83-640 versus 70-640: How do they calculate my score if it’s virtual? and other desperate questionsSeptember 28, 2009 at 7:55 am | Posted in Microsoft | Leave a comment
Tags: 83-640, Performance-Based Testing
There’s been a steady trickle of comments and customer emails on our post 83-640 versus 70-640: Which MCTS: Windows Server 2008, Active Directory Configuration is which? since we published it in February. The actual 83-640 exam went live in May. Since then, people have been writing to say they can’t find the new objectives online, that they can’t find the exam offered at a local testing center, or that they don’t understand how the virtual lab is scored and don’t want to lose points by clicking around to find the right command.
First, I want to point out that we’re not affiliated with Microsoft, and so we can’t help you directly. But we’re more than happy to help you find the right place to go. Most of the information you need has been published in the last year on Microsoft’s Born To Learn blog, and the blog team is very responsive to comments and questions.
As a first step – and this sounds dumb, but believe me, sometimes our eyes trick us – if you don’t see 83-640 listed on Prometric’s web site, be sure you’ve scrolled to the bottom of the list of tests. As James Seymour points out, 83 falls below 70, so you’ll have to scroll past all the other tests first.
If it’s not listed in your area, try contacting your test provider by phone and asking if they’re currently administering the 83-640 test. Microsoft is working region by region to ensure that test providers have the ability to run it in their labs. If your region isn’t supporting it, you may have to take 70-640 instead. Again, this post in Born To Learn is the place to find that answer.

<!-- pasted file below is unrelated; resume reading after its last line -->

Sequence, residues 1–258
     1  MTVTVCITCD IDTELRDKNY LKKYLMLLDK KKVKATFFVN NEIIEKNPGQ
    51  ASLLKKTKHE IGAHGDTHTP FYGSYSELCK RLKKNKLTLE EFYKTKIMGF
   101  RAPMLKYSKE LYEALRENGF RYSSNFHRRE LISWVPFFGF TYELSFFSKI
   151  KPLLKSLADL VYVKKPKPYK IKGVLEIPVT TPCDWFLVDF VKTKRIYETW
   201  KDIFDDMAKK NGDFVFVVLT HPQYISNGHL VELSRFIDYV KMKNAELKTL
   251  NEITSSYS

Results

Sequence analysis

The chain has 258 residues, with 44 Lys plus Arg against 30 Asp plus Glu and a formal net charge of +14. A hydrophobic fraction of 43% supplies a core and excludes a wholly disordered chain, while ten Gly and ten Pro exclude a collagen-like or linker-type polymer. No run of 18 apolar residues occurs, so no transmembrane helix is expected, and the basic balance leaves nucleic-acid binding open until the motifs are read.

The way that Microsoft scores tests is proprietary. However, Liberty Munson (Microsoft’s psychometrician) has specifically stated that the number of clicks or commands you enter in a scenario on your way to the goal do NOT affect the score. Only the configuration that you submit affects the score.
There is no per-simulation-item time limit. There is an overall time limit for the exam, and for some exams the simulations are grouped in a separately timed section. However, you will not be penalized for spending a long time on one simulation. Either you complete the task successfully and you earn the point or points associated with that simulation, or you don’t. The only disadvantage to spending a long time on one simulation is that you are eating up time you could be spending on another item.
Finally, you don’t need to find the “new” exam objectives, because there aren’t any. The material being tested, and the objectives, are unchanged from 70-640. Only the way in which the test is administered has changed. You can see our team member’s comments on the pilot version of this exam for a preview of the experience.
We hope this helps. Keep the comments coming!